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EDITORIAL — Energy: Good news and more good news

Good news travels fast.

Sempra’s and Aramco’s announcement Wednesday about Port Arthur LNG — word arrived in the dead of night — came hours before the Greater Port Arthur Chamber of Commerce’s “Transportation Summit,” a comprehensive report on how people and commerce here may move by land, sea and air in the near future, began. It’s all related.

Here’s the Port Arthur LNG update: Sempra, father to Port Arthur LNG, and Aramco Services, cousins to Motiva Enterprises, made some non-binding agreements. Aramco would buy 5 million tonnes per annum of LNG and would invest some 25 percent in the project, which was once suggested to be in the $8-9 billion investment range but now is just said to be in the billions. Remember the word, “non-binding.”

It’s no surprise the Saudi company is interested. Aramco is huge and Motiva sits in an area where LNG is booming all around it. A final decision for the site is expected around the end of the year.

Here’s why the news arrived in Port Arthur right on time: Wednesday’s Transportation Summit drew about 80 people with a breadth of transportation needs and concerns, some of which might have been softened by what was said.

The big news in this dominant LNG epicenter was that the Sabine-Neches Waterway deepening project is edging closer toward construction. Improvements would make the channel 48 feet deep rather than 40, allowing larger vessels to enter the waterway, where global export leader Cheniere Energy’s Sabine Pass LNG site rests in Louisiana, across the Sabine. Bigger vessels, bigger profits.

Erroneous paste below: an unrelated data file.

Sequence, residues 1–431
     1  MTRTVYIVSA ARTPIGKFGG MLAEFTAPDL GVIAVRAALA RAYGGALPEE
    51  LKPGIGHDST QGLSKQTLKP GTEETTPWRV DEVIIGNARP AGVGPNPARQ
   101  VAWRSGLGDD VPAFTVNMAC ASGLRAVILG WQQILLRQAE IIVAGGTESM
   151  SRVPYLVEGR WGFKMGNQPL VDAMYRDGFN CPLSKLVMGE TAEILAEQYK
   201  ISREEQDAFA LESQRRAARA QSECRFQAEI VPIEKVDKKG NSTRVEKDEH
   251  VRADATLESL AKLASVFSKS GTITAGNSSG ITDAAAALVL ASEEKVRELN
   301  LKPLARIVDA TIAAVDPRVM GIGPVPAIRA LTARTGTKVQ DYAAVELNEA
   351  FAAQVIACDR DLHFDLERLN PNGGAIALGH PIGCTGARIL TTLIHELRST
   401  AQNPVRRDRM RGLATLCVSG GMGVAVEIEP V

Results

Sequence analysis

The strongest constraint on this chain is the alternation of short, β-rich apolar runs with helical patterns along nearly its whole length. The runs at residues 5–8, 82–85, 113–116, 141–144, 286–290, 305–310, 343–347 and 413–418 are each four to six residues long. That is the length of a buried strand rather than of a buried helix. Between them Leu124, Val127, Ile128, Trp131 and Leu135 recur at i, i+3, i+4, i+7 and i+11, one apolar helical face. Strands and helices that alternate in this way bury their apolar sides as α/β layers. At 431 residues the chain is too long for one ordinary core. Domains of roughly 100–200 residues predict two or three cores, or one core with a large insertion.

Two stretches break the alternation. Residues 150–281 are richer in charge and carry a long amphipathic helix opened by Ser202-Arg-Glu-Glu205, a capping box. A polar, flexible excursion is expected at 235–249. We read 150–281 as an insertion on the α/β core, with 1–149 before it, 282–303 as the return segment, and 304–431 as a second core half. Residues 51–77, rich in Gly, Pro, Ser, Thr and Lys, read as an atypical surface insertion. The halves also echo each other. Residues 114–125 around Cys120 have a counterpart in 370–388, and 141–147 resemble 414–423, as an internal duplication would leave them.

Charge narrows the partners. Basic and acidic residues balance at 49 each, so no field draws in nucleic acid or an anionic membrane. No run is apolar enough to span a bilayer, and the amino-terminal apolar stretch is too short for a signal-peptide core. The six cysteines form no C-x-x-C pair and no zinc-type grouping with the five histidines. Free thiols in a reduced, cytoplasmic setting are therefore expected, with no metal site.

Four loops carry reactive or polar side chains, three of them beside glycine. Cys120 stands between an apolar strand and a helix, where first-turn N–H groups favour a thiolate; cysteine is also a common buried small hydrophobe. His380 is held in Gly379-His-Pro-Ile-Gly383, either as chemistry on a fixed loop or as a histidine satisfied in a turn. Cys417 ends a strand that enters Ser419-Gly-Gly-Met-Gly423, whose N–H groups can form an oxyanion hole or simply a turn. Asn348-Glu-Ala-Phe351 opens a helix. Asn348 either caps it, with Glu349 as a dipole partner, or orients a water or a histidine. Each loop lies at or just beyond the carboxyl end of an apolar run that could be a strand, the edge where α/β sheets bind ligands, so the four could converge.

Golden Pass LNG at Sabine Pass has launched work on revising its export site on the waterway — it may be completed in a couple of years — and Sempra is edging ever closer to a decision on their export facility near Sabine Pass.
Speaking for the Sabine-Neches Navigation District at the summit, spokesman Payton Keith said Wednesday that next month district officials will discuss in Washington a partnership with the Corps of Engineers to get construction underway. Construction may take seven to 10 years, so the sooner the better.

Here’s why it’s a great idea: The Sabine Neches Waterway is the largest energy exporter in the country. This waterway is among the top three in exporting crude oil. Tonnage shipped on the waterway is growing at the fastest rate in the U.S. The Permian is hugely profitable and productive and that product is pointed here. The U.S. also has a president who embraces growth in the energy industry.

There’s room to grow — more than at other prosperous sites like Houston and Corpus Christi — and there is great unity among government and industry leaders.

“The outlook for the Sabine-Neches Waterway has never been better,” Keith said.

What’s not to love?

 

See also: Sempra, Aramco move toward Port Arthur LNG deal